1. Some people do know exactly what they want to do when they grow up.
Talking to people like Melissa Smith and Dvir Hazout, I was so struck by the fact that they did actually know what they wanted to do for their careers. And they went out and did it – and they love it. But even when you know what you want to do, there are still scores of variables to consider: where you want to work, whether to work for yourself or someone else, what kind of company or industry you want to work for. Those variables have made Melissa’s and Dvir’s career paths unique, even from other people who do the same jobs. Even when you know what you want to do, there are still choices to be made and moments of uncertainty.
2. It’s never too late to change direction.
Part of what makes this decision feel so stressful is the idea that you can’t change your mind. But one of the things Jessica Fradono emphasized in her interview is that you can always start down a new path – even 20 years in. She made several moves in her career, from psychology to hospitality, from hospitality to human resources, and most recently (and dramatically) from HR to photography. Even when it’s difficult, even when it means letting go of something good, you can always go back to school or learn a new skill and start over. And chances are, the experience you’ve acquired up to that point will actually benefit you in your next career.
3. Some of it just comes down to luck.
One of the things that makes people nervous about pursuing a humanities degree is how abstract it seems. No one would deny the value of strong writing and critical thinking skills, but the lack of a clear line from diploma to profession can feel paralyzing. Where do you even start?
For people like Sari Abdo and myself, the path from graduation to first job was almost random. We applied to a broad range of openings and chose an entry-level job with a company we liked; for Sari it was marketing at a startup, for me it was higher education administration at Stanford University. That initial decision pointed us down the paths we’ve continued to follow to the present day. If I had gotten a job at a different company, or even in a different department at Stanford, I might have gone in a totally different direction.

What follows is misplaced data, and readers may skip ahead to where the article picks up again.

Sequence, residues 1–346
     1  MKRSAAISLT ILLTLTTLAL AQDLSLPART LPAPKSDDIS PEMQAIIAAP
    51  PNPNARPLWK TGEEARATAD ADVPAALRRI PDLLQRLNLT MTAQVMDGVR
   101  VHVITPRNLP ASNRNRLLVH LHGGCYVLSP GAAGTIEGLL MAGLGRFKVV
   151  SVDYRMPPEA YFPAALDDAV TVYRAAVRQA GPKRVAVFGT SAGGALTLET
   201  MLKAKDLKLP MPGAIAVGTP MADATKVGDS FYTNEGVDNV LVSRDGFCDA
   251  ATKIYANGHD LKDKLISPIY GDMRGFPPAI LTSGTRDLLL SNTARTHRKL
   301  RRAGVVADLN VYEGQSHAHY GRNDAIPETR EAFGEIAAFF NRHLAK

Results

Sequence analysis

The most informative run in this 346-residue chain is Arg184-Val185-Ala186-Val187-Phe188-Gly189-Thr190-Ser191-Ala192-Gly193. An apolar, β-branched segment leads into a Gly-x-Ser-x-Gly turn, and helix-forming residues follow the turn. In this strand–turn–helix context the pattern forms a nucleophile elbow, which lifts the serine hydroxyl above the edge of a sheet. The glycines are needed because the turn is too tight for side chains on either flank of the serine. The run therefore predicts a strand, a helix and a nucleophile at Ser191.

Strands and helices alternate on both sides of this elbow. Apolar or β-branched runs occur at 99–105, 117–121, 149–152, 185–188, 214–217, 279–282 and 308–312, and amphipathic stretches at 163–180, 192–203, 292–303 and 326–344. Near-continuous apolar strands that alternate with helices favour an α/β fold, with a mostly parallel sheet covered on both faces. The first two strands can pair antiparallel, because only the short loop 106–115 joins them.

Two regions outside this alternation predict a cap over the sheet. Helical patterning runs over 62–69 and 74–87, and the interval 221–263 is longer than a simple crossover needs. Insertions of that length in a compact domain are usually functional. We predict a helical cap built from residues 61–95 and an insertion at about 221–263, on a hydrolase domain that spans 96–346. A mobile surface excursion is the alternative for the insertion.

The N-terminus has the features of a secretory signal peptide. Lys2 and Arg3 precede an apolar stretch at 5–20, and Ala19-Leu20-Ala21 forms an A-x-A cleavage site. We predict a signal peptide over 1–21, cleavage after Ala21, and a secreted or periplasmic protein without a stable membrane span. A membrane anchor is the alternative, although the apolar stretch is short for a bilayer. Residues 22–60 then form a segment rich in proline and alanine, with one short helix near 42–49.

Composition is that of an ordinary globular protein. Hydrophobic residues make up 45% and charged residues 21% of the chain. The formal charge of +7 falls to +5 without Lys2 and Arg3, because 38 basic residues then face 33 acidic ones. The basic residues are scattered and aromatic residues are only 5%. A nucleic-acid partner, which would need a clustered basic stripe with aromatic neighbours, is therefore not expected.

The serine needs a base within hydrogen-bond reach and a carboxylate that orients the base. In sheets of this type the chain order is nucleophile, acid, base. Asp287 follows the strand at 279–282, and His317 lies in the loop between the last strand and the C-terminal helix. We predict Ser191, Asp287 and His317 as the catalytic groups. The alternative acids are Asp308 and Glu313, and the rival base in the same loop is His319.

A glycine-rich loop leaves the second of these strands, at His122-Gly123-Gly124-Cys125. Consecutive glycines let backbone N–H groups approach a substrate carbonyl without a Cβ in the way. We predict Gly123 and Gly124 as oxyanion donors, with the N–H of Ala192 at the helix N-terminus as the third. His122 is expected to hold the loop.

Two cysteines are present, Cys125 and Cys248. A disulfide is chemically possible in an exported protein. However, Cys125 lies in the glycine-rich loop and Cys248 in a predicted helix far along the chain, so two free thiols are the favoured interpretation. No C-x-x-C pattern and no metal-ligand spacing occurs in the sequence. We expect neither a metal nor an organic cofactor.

4. Your dream job might not exist yet.
Open any issue of Harvard Business Review or Forbes and you’ll see a discussion of how rapidly the professional landscape is shifting. Entire industries are now reliant on technologies that didn’t exist five years ago. And we have to be reminded that jobs that seem commonplace – web development, UX design, social media marketing – are actually fairly recent inventions. So how can you possibly choose a major that will lead to a job you’ve never heard of?
Phil Belleau is a great example of someone who worked to develop a diverse set of skills that could be applied to many jobs. And when he found a position that was a combination of those things, he was able to articulate what made him a good fit for this brand new role. By staying open, he was actually better prepared than if he had honed in on one professional trajectory.
5. Sometimes your work and your passion are two different things.
We’ve all heard the adage, “Do something you love and you’ll never work a day in your life.” I can whole-heartedly say that I love being a college counselor, but it still feels like work – especially compared to reading books and drinking piña coladas in Maui.
Work can be an extension of your life’s purpose. I think many of us at Collegewise would characterize their jobs as such. But work can also be the thing that enables you to do the other things that you love. Many of my fellow Roamers have really come to value the flexibility their jobs allow them, particularly to travel and work remotely this year. And some of them are starting to prioritize that in a whole new way as they consider their next professional moves. So instead of asking yourself, “What do I want to do for a living?” ask, “What kind of life do I want to live?” And then build a career that works for that.